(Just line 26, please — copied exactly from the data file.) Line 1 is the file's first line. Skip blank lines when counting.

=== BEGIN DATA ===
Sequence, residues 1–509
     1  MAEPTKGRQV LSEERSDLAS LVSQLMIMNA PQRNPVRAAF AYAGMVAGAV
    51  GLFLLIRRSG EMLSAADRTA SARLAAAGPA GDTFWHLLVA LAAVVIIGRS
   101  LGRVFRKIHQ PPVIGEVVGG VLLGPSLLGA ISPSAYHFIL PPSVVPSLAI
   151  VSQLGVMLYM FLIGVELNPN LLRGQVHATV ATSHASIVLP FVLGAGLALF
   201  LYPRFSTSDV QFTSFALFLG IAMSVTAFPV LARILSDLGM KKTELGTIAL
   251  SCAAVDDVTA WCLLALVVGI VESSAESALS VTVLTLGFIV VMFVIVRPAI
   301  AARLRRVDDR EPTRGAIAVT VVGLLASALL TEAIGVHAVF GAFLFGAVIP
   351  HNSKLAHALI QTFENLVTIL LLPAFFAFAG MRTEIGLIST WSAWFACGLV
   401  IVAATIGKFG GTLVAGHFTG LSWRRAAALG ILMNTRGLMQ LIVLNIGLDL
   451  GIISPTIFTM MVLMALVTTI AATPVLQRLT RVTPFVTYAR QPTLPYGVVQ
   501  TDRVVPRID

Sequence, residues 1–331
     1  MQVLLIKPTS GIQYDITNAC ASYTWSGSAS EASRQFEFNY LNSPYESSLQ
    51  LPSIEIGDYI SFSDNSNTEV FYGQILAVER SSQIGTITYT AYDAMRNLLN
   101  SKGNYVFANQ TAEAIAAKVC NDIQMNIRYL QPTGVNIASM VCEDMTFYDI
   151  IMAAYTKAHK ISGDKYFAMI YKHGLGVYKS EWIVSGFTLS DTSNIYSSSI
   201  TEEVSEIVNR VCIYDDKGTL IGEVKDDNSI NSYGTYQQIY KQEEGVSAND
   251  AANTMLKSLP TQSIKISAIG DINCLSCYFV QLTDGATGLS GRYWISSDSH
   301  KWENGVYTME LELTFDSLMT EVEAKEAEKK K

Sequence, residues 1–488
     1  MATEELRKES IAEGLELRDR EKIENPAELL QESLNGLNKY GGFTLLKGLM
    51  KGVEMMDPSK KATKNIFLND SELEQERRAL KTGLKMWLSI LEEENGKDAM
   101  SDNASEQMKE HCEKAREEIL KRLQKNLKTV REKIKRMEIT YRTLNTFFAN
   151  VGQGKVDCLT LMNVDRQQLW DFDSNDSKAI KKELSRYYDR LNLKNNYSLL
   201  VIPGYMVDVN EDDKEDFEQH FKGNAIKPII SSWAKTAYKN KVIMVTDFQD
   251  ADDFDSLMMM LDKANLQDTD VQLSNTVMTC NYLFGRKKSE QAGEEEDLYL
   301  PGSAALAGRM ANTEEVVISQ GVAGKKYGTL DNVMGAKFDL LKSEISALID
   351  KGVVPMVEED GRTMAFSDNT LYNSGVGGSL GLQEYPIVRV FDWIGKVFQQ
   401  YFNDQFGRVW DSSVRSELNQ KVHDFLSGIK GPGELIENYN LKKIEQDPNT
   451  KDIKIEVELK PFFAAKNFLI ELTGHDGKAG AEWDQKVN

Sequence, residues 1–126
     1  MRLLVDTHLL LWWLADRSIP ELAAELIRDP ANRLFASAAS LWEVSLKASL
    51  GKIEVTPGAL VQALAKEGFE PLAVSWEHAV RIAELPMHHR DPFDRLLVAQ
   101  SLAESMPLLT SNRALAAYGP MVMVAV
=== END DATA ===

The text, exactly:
   201  VIPGYMVDVN EDDKEDFEQH FKGNAIKPII SSWAKTAYKN KVIMVTDFQD